Alcoholics Anonymous co-founder Bill Wilson once said that the program he helped create is, "utter simplicity which encases a complete mystery." Our guests reflect on the Twelve Steps and how they resonate in their personal stories and in Buddhist and Christian teachings.
With Iraq veteran and chaplain Major John Morris, we explore how war challenges the human spirit and the core tenets of a life of faith. The War on Terror, he says, presents its own spiritual challenges. He is working to support the reintegration of National Guard and Reserve personnel, who are being mobilized for active duty at record levels in Afghanistan and Iraq.
Religious fundamentalism has reshaped our view of world events. In this show, host Krista Tippett explores the appeal of fundamentalism in Islam, Christianity, and Judaism, as experienced from the inside. Three accomplished men, who were religious extremists at one time in their lives, provide revealing insight into the spiritual and cultural dimensions of fundamentalism. They also discuss religious impulses which counter the fundamentalist world view and helped them break free.
The second program in our series on guiding figures in what some are calling the "post Religious Right era." This program's guests are conservative Evangelicals who are increasingly being watched by a new generation of Christian and secular leaders. They want to move beyond the partisan and cultural divides of recent years to fight poverty, AIDS, and homelessness.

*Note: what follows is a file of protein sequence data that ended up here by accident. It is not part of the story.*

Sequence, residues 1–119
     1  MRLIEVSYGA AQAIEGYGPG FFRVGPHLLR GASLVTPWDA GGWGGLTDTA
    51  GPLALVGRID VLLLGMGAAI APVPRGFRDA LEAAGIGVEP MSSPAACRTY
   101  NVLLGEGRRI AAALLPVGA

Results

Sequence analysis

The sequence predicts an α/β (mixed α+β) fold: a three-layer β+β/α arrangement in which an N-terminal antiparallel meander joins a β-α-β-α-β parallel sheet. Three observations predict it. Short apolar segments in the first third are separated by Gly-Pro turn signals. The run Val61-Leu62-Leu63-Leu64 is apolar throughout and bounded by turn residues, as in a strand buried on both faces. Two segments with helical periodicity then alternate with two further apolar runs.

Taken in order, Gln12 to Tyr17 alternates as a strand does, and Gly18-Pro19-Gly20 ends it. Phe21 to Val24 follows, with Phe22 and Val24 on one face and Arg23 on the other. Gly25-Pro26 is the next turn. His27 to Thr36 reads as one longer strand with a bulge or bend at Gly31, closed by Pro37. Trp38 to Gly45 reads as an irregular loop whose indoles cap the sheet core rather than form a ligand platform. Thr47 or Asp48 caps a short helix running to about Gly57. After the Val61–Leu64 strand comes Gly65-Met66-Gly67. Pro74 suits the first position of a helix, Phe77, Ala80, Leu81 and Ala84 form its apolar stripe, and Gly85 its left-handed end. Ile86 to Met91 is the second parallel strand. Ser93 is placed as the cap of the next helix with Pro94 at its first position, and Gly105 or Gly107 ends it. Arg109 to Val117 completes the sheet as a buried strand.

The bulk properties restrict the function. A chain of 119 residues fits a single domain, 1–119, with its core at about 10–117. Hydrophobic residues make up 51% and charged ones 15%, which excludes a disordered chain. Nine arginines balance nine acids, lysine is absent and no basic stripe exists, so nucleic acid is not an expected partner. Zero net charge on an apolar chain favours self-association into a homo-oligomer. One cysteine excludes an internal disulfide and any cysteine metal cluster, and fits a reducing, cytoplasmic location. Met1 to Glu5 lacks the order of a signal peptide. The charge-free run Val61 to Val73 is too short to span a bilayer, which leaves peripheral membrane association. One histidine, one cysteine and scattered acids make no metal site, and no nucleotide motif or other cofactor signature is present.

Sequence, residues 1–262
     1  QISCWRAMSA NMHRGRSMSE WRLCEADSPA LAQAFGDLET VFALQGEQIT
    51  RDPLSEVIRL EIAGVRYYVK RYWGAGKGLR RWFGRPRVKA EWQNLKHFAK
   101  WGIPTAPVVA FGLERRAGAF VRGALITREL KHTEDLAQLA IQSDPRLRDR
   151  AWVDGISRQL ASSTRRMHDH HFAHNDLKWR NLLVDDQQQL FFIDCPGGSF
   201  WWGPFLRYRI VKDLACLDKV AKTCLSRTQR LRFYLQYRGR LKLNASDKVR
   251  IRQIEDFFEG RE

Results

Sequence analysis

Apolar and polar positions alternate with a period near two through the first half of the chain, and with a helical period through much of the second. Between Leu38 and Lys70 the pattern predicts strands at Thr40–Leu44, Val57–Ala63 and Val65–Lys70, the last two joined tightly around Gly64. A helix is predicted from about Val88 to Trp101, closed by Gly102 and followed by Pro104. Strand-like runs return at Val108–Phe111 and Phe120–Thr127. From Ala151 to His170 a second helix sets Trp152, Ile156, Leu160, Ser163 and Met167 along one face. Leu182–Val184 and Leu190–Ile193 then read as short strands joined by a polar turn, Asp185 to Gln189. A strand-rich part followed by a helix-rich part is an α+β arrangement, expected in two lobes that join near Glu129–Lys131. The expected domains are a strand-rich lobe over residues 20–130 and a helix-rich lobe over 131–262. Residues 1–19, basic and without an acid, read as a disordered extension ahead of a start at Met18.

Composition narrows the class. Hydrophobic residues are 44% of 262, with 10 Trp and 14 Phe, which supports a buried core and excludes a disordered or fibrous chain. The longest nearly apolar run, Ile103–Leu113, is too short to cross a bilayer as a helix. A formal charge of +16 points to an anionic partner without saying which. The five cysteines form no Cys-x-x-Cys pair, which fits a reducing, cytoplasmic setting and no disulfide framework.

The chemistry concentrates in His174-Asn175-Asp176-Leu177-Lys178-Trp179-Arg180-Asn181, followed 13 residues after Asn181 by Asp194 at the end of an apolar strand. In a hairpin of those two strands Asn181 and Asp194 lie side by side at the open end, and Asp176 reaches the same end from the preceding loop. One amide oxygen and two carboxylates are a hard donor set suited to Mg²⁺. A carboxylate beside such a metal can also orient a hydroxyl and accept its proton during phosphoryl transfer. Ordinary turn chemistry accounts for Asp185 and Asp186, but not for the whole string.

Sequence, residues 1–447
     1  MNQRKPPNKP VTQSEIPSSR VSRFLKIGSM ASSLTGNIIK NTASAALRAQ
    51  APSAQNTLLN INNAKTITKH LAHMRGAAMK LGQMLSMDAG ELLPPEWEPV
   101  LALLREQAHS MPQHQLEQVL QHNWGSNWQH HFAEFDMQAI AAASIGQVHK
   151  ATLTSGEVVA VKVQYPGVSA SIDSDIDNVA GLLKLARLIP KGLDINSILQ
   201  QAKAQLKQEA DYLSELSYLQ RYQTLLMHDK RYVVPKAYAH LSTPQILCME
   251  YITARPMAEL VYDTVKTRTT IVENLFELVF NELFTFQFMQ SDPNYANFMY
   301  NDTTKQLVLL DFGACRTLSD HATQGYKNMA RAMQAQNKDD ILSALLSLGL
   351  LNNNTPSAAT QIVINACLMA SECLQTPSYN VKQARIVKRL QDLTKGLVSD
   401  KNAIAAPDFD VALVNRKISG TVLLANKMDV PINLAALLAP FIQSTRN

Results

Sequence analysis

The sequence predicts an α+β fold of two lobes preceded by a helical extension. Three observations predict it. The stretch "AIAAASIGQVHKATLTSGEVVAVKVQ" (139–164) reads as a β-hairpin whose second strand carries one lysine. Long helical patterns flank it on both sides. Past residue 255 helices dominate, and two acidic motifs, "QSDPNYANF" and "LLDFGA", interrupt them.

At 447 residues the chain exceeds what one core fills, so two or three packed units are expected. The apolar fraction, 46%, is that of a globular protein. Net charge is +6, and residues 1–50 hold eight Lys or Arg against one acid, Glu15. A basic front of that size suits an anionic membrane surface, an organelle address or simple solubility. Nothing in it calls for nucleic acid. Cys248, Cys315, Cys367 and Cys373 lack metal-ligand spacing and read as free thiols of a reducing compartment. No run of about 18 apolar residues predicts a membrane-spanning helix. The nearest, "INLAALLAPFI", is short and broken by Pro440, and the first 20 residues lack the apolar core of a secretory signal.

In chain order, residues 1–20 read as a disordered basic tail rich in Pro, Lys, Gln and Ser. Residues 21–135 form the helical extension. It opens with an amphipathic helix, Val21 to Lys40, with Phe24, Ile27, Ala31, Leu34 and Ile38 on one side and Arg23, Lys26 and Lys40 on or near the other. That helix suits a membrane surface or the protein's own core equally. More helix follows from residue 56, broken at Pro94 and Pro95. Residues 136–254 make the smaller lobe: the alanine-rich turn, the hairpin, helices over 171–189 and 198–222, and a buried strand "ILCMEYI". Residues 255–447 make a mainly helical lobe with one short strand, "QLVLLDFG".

The first in a two-part series on influential leaders who are reshaping Evangelical Christianity from within progressive and conservative circles. Jim Wallis founded "Sojourners" and now advises presidential candidates and world leaders in what he calls the "post-Religious Right" era. He is determined to put poverty at the top of America's "moral values" agenda.
In our time, some associate the word "religion" with rigid dogma and the excesses of institutions. The word "spirituality" on the other hand can seem to have little substance or form. The word "faith" can appear as a compromise of sorts, pointing to the content of religious tradition and spiritual experience. The truth is, all of these words are vague in the abstract. They gain meaning in the context of human experience.
In this show, we'll explore the connotations of the word "faith" in four traditions and lives: Buddhism, Judaism, Christianity, and Islam. We'll speak with Sharon Salzberg, Rabbi Lawrence Kushner, Anne Lamott, and Omid Safi.
The late Irish poet and philosopher, John O'Donohue, is beloved for his book Anam Ċara, Gaelic for "soul friend," and for his insistence on beauty as a human calling and a defining aspect of God. In one of his last interviews before his death in 2008, he articulated a Celtic imagination about how the material and the spiritual, the visible and the invisible worlds intertwine in human experience.
Robert Wright charts an intellectual path beyond the faith versus reason debate. He takes a relentlessly logical look at the history of religion, exposing its contradictions. Yet Wright also traces something "revelatory" moving through human history. In this public conversation -- recorded before a live audience -- we explore the story he tells, the import he sees in it for our culture, and where it has personally taken him.
Last month, conservative Christian leaders demanded that Richard Cizik be silenced or removed from his post. They charged that his concerns about climate change and torture have shifted attention away from moral issues such as gay marriage and abortion. But for Cizik, poverty, war, and the environment are moral issues too. We revisit Krista's 2006 conversation with Cizik that took many listeners by surprise.
We received hundreds of essays in response to our query about what anchors and unsettles our Catholic audience. So we asked some of you to speak about your tradition. The moving reflections we heard prompted us to depart from our usual format and bring you a fabric of voices from the Church itself.